This approach makes a lot of sense to me. The times when I successfully applied what I’d learned in grad school to my lessons were among my most satisfying moments as a teacher. I also noticed that even pretending to be passionate about what I was required to teach but didn’t personally enjoy (ahem, Romeo and Juliet) could help students appreciate literature.

That said, I also spent a lot of energy trying to maintain the boundary between my teacher self and my “real” self because I thought that was the only way I could survive.

Now I see that in doing so, I missed out on a lot of opportunities — to form better relationships with students, to make more of an impact on them, and to make teaching feel less like work.

At the same time, I’m not sure if this approach would have kept me in teaching for the long haul. This holiday weekend, I’m grateful not to have a lick of work to bring home, and I don’t think I would give this freedom up now.

Teachers and former teachers, what do you think about integrating teaching with life rather than trying to keep the two apart? And what are your best tips for work-life balance?

 

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12 thoughts on “To Find Work-Life Balance in Teaching, Stop Looking for It?

  1. First, let me just say that it’s more important to bring yourself to the classroom than it is to take papers home from the classroom. LEAVE THEM AT SCHOOL! I’m a 31 year veteran of High School English, and will be retiring in 5 years. To make those last five years bearable, I’m doing three things immediately:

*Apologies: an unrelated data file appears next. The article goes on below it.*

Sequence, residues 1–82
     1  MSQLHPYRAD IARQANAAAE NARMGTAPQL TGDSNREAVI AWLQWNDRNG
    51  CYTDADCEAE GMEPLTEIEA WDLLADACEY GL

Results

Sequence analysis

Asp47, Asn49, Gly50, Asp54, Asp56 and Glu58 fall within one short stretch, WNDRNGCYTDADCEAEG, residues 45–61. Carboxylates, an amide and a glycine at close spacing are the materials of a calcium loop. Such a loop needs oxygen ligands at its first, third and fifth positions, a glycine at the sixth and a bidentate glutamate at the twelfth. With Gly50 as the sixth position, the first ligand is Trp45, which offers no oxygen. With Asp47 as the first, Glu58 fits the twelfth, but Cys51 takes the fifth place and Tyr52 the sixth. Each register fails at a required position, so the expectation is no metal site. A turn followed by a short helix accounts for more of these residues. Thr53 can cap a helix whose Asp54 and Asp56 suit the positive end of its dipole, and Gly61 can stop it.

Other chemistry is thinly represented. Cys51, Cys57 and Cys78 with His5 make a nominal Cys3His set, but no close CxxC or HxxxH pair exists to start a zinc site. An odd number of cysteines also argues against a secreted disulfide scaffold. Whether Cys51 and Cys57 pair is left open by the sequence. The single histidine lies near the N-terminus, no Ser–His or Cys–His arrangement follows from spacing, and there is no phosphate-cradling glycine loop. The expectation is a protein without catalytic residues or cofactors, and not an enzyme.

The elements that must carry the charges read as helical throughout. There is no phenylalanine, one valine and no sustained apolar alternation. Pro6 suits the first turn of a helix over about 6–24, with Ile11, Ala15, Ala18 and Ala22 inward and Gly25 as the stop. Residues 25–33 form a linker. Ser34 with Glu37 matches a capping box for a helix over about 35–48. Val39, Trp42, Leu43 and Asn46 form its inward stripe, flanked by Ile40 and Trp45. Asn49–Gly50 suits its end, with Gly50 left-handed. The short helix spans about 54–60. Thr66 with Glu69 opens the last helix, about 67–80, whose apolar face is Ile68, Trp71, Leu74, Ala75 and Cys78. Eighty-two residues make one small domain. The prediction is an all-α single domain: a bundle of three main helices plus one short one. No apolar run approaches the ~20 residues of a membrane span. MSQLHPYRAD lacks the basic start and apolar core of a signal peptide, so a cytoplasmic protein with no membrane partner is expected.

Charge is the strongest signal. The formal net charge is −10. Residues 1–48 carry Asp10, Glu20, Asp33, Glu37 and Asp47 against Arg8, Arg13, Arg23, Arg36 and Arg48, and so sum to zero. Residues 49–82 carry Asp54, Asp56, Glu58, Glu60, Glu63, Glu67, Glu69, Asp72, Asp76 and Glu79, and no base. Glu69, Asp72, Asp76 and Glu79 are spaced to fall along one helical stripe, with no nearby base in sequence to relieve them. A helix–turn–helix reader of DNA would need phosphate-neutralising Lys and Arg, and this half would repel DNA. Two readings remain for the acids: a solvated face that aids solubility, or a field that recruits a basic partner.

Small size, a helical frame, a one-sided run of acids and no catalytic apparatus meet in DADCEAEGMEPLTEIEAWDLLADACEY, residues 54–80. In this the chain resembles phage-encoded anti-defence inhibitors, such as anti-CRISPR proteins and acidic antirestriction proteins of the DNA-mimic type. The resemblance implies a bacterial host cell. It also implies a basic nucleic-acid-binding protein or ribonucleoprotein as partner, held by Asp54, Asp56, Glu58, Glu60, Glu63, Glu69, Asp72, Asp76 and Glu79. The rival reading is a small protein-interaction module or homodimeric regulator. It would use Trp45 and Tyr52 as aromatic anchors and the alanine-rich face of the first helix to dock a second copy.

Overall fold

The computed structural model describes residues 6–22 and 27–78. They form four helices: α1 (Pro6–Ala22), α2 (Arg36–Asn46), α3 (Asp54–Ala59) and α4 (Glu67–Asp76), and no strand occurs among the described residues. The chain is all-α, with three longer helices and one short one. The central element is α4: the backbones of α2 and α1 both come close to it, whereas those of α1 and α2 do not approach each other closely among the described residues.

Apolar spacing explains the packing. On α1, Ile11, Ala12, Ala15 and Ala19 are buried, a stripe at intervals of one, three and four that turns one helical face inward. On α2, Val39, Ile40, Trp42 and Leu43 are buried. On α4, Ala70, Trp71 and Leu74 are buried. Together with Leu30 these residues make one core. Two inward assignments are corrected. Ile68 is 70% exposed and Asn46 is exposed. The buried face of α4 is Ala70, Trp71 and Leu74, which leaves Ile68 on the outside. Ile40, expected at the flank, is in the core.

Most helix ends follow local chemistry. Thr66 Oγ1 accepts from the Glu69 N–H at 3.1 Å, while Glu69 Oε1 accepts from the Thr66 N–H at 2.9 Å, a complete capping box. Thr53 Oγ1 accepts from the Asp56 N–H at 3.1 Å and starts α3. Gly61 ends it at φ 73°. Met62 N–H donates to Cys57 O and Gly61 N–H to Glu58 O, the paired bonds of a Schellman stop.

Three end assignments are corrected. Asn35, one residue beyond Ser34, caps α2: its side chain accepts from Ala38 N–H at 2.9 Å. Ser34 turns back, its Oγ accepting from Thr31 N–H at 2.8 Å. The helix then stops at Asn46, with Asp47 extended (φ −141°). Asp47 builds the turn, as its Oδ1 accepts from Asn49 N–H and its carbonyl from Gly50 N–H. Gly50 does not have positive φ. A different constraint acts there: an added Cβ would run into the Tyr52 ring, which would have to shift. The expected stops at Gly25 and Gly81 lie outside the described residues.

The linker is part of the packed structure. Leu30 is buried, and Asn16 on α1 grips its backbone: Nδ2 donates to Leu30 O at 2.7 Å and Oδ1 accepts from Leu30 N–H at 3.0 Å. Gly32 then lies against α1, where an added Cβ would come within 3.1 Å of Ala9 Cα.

FIRST, I JUST BOUGHT A MUSTANG CONVERTIBLE. Hell yes. Because I earned it, and ain’t nobody else gonna buy me one. I drop that top before I pull out of my assigned space, and by the time I’ve hit the second traffic light, work is FORGOTTEN.

    SECOND, I’VE COMMITTED TO TAKING NO WORK HOME. NONE. They say that you learn best when you have to teach what you know. So, I teach my students the rubrics, they apply them to something I’ve written first, then they grade themselves and each other. All I have to do now is dipstick for accuracy. They write directly on the rubrics which are attached directly to their papers. On summative assessments, they’re not allowed to use their own paper. I supply it, from the copy machines, lined paper all exactly the same size, no frayed edges, etc. and nothing brought from home and sneaked in. I even code the papers at the bottom, so there’s no duplication going on outside the classroom. I DESIGN MULTIPLE FORMS OF TESTS AND QUIZZES, AND WE EITHER GRADE IMMEDIATELY IN CLASS, OR THEY’RE SCANTRONED. Sometimes, I even have them call out their scores as I enter them into the grade book. Immediate dipsticking & feedback, scores on the internet for parents to see, and nothing to take home.